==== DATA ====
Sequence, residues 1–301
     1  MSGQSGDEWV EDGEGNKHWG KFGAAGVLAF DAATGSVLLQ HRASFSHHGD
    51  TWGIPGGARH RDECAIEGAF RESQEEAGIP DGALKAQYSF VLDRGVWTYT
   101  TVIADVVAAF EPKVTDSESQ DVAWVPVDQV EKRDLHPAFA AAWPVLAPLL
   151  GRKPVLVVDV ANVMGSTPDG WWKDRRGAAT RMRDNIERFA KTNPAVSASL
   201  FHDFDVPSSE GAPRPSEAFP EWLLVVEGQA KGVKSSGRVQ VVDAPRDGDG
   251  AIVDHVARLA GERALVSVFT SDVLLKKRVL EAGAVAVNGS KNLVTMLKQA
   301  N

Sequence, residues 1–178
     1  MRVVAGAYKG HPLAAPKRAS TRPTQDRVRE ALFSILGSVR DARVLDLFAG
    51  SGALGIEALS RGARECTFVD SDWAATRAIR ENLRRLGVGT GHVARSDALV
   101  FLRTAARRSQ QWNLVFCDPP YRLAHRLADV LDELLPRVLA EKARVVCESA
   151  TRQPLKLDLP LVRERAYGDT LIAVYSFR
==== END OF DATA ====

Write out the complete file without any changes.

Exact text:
Sequence, residues 1–301
     1  MSGQSGDEWV EDGEGNKHWG KFGAAGVLAF DAATGSVLLQ HRASFSHHGD
    51  TWGIPGGARH RDECAIEGAF RESQEEAGIP DGALKAQYSF VLDRGVWTYT
   101  TVIADVVAAF EPKVTDSESQ DVAWVPVDQV EKRDLHPAFA AAWPVLAPLL
   151  GRKPVLVVDV ANVMGSTPDG WWKDRRGAAT RMRDNIERFA KTNPAVSASL
   201  FHDFDVPSSE GAPRPSEAFP EWLLVVEGQA KGVKSSGRVQ VVDAPRDGDG
   251  AIVDHVARLA GERALVSVFT SDVLLKKRVL EAGAVAVNGS KNLVTMLKQA
   301  N

Sequence, residues 1–178
     1  MRVVAGAYKG HPLAAPKRAS TRPTQDRVRE ALFSILGSVR DARVLDLFAG
    51  SGALGIEALS RGARECTFVD SDWAATRAIR ENLRRLGVGT GHVARSDALV
   101  FLRTAARRSQ QWNLVFCDPP YRLAHRLADV LDELLPRVLA EKARVVCESA
   151  TRQPLKLDLP LVRERAYGDT LIAVYSFR